Rhumb Lines and Map Wars: A Social History of the Mercator Projection
by Mark Monmonier
University of Chicago Press, 2004. Hardcover, 238 pp. ISBN 0-226-53431-6
Rhumb Lines and Map Wars is Mark Monmonier’s response to the controversy over the Mercator projection stirred up by Arno Peters and his map that purported to be fair to all peoples. Rather than retroactively mixing it up with Peters and his chief critic, Arthur Robinson, Monmonier has taken a step or two back to create a broader understanding of Mercator, his projection and its uses.
Most of us with some knowledge of map projections know that Mercator’s intent was to provide a map usable in sea navigation: angles on the map match constant compass lines. Monmonier reveals that Mercator was a little ahead of his time: it took centuries before the technology (such as chronometers) was developed to make his map one of several essential navigation tools. From the development of sailing charts to the development of Mercator variants such as the transverse and space oblique, Monmonier not only demonstrates the Mercator’s specific uses, but also that the projection was the result of divers hands. Mercator himself rates only a chapter; the map cannot be reduced to the mapmaker.
The source of the controversy over the Mercator projection was its use as a wall map; the Mercator’s dominance began during the 19th century, when ships were king. But by the 20th century its influence was beginning to wane. Other projections began making their appearance in atlases, such as Goode’s homolosine and the Mollweide. National Geographic had been using the compromise Van der Grinten projection on its wall maps since 1922. And, with the advent of aviation and beacon-based navigation, great circles became more important than rhumb lines.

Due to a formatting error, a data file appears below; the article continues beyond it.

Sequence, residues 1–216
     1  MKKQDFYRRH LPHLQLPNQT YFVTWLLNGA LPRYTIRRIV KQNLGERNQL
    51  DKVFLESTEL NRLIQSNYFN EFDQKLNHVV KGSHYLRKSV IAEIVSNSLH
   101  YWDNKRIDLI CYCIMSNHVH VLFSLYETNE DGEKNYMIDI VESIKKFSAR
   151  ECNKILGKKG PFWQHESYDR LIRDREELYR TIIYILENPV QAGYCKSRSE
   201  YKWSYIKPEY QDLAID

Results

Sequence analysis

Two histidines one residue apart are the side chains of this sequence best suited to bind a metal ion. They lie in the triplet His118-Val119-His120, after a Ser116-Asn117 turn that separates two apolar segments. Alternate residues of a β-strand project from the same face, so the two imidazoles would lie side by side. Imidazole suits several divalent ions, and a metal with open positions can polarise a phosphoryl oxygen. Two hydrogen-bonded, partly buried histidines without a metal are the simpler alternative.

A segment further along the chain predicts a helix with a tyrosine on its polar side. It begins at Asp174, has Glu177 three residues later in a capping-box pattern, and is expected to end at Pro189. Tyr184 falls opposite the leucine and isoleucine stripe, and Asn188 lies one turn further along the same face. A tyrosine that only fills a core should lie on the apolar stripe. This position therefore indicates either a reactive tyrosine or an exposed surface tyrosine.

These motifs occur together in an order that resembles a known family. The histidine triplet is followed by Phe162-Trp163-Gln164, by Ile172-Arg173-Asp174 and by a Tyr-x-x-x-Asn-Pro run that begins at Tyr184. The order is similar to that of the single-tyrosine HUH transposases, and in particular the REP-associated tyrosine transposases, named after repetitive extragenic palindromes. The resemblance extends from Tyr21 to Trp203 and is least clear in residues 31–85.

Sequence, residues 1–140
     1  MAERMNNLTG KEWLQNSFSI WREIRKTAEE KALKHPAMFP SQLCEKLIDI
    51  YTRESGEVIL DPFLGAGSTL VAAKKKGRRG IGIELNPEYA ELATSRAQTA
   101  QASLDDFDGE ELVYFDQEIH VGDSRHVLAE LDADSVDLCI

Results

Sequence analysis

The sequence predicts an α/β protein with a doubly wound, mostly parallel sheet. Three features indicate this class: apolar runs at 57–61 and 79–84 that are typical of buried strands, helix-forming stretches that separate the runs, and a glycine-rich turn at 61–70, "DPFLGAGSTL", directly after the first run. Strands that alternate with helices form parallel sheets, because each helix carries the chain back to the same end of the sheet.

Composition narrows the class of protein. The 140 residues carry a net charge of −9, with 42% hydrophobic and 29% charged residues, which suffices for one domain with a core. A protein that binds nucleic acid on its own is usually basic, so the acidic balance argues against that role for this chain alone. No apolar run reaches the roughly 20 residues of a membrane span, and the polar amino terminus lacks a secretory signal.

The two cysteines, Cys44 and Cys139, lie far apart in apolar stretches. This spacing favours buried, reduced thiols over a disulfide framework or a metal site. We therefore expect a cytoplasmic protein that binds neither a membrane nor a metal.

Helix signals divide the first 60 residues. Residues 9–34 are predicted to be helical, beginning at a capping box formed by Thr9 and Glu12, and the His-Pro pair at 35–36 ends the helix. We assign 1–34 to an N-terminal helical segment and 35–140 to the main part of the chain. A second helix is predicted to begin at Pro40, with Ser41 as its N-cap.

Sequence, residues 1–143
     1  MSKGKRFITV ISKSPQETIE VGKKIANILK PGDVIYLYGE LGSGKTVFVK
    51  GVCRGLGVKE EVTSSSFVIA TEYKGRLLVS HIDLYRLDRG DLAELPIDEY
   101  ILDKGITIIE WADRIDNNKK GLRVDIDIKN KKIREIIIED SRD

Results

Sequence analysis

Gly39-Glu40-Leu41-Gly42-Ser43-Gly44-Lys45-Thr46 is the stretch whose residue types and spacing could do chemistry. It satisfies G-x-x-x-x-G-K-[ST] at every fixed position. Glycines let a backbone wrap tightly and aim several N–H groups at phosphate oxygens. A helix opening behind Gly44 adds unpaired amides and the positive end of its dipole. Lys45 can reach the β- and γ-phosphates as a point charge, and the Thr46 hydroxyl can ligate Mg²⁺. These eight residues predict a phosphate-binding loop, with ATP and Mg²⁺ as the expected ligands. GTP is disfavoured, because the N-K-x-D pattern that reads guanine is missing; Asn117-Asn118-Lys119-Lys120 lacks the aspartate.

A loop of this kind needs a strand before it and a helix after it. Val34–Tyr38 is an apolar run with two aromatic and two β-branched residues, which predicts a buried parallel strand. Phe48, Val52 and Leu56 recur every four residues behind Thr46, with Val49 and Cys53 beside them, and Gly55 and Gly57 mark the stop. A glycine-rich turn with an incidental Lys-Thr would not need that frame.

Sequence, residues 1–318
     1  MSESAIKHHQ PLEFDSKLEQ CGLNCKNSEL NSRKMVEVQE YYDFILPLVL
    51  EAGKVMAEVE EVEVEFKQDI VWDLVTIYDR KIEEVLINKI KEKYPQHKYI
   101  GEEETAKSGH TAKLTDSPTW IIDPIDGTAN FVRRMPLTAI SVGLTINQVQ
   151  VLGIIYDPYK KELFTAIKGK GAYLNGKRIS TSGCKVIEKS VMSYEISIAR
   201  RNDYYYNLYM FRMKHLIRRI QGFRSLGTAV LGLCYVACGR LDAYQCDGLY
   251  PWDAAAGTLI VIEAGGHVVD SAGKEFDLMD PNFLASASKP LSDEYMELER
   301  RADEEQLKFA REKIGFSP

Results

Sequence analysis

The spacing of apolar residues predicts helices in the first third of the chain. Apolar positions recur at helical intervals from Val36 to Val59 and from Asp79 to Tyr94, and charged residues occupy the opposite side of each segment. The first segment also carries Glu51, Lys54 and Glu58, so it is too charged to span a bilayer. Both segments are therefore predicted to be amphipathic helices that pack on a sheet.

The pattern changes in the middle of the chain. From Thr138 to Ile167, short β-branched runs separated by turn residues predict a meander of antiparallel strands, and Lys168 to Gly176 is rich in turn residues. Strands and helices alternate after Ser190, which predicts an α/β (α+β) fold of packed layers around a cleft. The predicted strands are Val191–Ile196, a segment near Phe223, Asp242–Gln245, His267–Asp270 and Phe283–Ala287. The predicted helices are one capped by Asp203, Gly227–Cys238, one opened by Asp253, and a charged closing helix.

Peters’s attack on the Mercator projection in the 1970s seems a bit odd in this context, which I think is Monmonier’s point. Apart from honking off academic cartographers, Peters proferred a solution that was hardly novel — there are plenty of equal-area equatorial projections out there, which differ only in their secants. But he was able to engage the imaginations of a number of organizations who were receptive to his post-colonial critique.
Monmonier finishes by questioning whether scholars exaggerate the influence of the Mercator projection on social thought: “Did Europe’s rulers and merchants need wall maps or world atlases to justify their actions? Did maps that inflated the size of the British Empire stifle whatever remorse nineteenth-century Britons might have had about racism and economic slavery in Africa or India? More to the point, did anyone ever die because of the Mercator projection?” But critics of the Peters projection don’t get off easy: “Although superior projections abound, the evils of the Peters maps are easily exaggerated. Do its users really think Africa looks that way? Do they never look at a globe, or at other maps? Are map users complete idiots?” (pp. 174-75)
Worth reading for Monmonier’s take on the Peters controversy alone, Rhumb Lines is a fine look at an influential, useful and maligned projection.
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